Anglo-Dutch global consumer goods giant Unilever on Wednesday won approval from a Netherlands court to go ahead with a vote at its annual meeting on the contentious topic of preference shares.

The meeting in Rotterdam next week will be asked to approve the abolition of Dutch-listed preference shares, with all stockholders entitled to vote on the issue.

An all-comers vote had been opposed in court by a major shareholder, the hedge fund subsidiary of Mellon Financial Corporation, which argued that preference shareholders should have a separate vote on the cancellation of their shares.

The vote will be retrospective as the conversion of the shares to ordinary stock has already been actioned by the company after receiving permission from a Dutch commercial court five months ago.

Unilever seemingly expects the vote to be a little more than rubber-stamping excercise. Said a spokesman: "The request by Mellon HBV was rejected by the judge and all shareholders will be able to vote."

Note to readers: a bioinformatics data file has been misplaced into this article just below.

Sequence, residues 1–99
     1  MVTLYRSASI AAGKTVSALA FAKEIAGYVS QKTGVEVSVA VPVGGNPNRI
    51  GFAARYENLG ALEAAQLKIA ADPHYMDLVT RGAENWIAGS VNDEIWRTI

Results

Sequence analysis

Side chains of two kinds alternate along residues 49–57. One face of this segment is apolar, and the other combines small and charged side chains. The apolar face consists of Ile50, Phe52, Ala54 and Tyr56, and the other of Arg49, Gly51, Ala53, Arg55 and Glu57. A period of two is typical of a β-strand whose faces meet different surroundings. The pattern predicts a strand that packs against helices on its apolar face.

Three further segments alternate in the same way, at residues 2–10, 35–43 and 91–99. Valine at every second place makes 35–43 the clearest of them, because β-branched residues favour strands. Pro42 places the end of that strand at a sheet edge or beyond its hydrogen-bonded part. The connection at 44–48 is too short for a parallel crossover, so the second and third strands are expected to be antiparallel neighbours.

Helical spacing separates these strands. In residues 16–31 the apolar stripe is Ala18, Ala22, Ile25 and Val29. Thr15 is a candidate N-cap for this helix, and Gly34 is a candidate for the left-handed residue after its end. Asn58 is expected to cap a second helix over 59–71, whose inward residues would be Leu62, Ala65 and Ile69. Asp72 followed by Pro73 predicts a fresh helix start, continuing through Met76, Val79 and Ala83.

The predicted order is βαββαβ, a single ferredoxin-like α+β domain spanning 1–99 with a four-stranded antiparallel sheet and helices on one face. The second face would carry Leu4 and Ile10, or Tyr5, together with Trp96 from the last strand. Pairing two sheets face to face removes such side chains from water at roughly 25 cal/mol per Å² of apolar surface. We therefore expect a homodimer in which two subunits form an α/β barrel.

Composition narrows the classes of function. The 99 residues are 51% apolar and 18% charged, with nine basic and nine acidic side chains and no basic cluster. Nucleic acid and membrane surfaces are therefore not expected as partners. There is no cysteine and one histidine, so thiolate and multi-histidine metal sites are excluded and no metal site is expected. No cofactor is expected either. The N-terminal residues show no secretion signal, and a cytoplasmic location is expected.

But despite the court's verdict, controversy remains. Preference shareholders claim they had been led to believe by Unilever that their shares would be bought back for cash, rather than exchanged for ordinary shares as now appears to be the case.

The court has launched an inquiry into the matter and could compel Unilever to hand over the cash to investors if it rules the company's communication policy was defective.

Data sourced from; additional content by WARC staff